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Regional Air Quality & Airport Impacts Larry Greene Executive Director/ Air Pollution Control Officer Larry Greene Executive Director/ Air Pollution Control.

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Presentation on theme: "Regional Air Quality & Airport Impacts Larry Greene Executive Director/ Air Pollution Control Officer Larry Greene Executive Director/ Air Pollution Control."— Presentation transcript:

1 Regional Air Quality & Airport Impacts Larry Greene Executive Director/ Air Pollution Control Officer Larry Greene Executive Director/ Air Pollution Control Officer Association of California Airports Annual Conference September 16-18, 2009

2 Our District Mission Achieve clean air goals by leading the region in protecting public health and the environment through innovative and effective programs, dedicated staff, community involvement and public education.

3 Health Effects – We know Air pollution kills people Lung Disease/Toxic effects/Heart attacks Air pollution hurts the most vulnerable Asthma (children) Shortens the life of the elderly Air pollution effects our economy Secondary effects and quality of life Air pollution kills people Lung Disease/Toxic effects/Heart attacks Air pollution hurts the most vulnerable Asthma (children) Shortens the life of the elderly Air pollution effects our economy Secondary effects and quality of life

4 Air Pollutants of Concern Ozone (ROG + NOx) Particulates (NOx, SOx, ROG, Ammonia) Greenhouse Gases – (CO2, Methane) Toxics Diesel particles, Benzene, Chromium, Asbestos Haze

5 Federal/State/LocalFederal/State/Local - Federal EPA - planes, trains, automobiles, large industrial sources, national standards. Federal Clean Air Act -California Air Resources Board - vehicles, fuels, consumer products, area sources, air toxic control measures. California Clean Air Act. - Local districts – permit industrial sources, inspect, respond to complaints, agricultural burning, asbestos, CEQA review, public education. District rules/Board resolutions resolutions/Policies - Federal EPA - planes, trains, automobiles, large industrial sources, national standards. Federal Clean Air Act -California Air Resources Board - vehicles, fuels, consumer products, area sources, air toxic control measures. California Clean Air Act. - Local districts – permit industrial sources, inspect, respond to complaints, agricultural burning, asbestos, CEQA review, public education. District rules/Board resolutions resolutions/Policies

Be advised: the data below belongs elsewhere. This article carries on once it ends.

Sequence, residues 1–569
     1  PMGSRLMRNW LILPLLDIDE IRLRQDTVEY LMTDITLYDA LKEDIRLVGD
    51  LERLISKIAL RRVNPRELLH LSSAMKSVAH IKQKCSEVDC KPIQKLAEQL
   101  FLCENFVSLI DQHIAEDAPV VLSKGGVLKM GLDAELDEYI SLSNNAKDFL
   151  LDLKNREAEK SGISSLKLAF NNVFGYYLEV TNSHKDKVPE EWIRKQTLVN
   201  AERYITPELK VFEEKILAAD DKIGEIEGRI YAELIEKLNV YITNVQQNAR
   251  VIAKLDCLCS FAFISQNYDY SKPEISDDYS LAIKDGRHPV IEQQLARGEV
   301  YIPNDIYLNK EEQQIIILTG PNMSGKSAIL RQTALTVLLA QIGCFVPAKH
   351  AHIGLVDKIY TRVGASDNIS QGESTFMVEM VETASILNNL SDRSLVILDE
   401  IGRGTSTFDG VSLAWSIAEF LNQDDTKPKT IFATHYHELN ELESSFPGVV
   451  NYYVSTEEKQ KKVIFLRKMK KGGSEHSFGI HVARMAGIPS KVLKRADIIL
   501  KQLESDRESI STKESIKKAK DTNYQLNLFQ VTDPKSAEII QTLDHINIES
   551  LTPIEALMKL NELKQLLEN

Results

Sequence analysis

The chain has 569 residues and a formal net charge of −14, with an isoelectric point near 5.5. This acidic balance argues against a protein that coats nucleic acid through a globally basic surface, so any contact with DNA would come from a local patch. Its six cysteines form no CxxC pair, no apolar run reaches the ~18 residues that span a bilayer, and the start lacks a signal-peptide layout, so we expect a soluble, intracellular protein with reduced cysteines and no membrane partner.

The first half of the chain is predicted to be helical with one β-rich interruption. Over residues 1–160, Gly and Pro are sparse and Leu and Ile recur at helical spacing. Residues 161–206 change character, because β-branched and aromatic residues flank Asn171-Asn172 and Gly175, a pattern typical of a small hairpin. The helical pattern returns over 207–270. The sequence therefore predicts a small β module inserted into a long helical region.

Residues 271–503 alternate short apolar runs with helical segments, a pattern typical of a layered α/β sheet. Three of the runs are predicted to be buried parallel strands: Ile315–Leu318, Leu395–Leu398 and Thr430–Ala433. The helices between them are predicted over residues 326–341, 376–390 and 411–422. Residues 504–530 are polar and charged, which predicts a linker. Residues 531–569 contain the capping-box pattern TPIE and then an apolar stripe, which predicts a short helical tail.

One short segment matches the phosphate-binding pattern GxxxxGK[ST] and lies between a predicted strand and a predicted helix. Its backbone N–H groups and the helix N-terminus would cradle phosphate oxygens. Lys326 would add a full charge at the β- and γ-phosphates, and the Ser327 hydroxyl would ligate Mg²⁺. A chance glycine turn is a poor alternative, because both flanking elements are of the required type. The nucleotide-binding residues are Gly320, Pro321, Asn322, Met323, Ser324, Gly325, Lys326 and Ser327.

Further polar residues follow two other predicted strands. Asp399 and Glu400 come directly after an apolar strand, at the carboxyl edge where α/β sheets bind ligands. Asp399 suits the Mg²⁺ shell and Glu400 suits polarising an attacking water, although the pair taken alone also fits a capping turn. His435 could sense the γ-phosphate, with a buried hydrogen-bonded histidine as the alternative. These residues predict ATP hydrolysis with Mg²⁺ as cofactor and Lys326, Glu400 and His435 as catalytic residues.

6 District Background

7 35 Local Air Agencies Work for local Boards of Directors Unique focus on local air quality and issues

8 FederalOzoneNon-attainmentArea 120 miles

9 Were Geographically-Challenged Summer Ground-level Ozone (smog) NOX + VOC+Sunlight = 0zone +

10 Were Geographically-Challenged Winter Particulate Pollution Emissions + low wind + cold temperatures = High Particulate levels

11 Air Quality Trends - Ozone Concentrations, hour* 35% improvement 8 hour 16% improvement *2008 data adjusted for proposed exceptional events due to wildfires.

12 Regional Emissions

13 Current Sacramento Regional NOx – 167 TPD

14 Current Sacramento Regional VOC – 136 TPD

15 Emission Source Equivalents 1 TPD of VOC and NOx (Year 2019) 18,000 HD trucks 200,000 cars* 72 Locomotives (NOx only) 310 Gas Stations** 310 Gas Stations** (VOC only) * Base on average vehicle fleet mix ** No additional controls after Commercial Jet LTOs

16 Regional Airports Sacramento International Airport (SMF) Sacramento International Airport (SMF) –> 72,000 LTOs McClellan Airfield (MCC) McClellan Airfield (MCC) –> 5000 LTOs Mather Airport (MHR) Mather Airport (MHR) –> 50,000 LTOs Sacramento Executive Airport (SAC) Sacramento Executive Airport (SAC) –> 67,000 LTOS Franklin Field (F72) Franklin Field (F72) –> 18,000 LTOs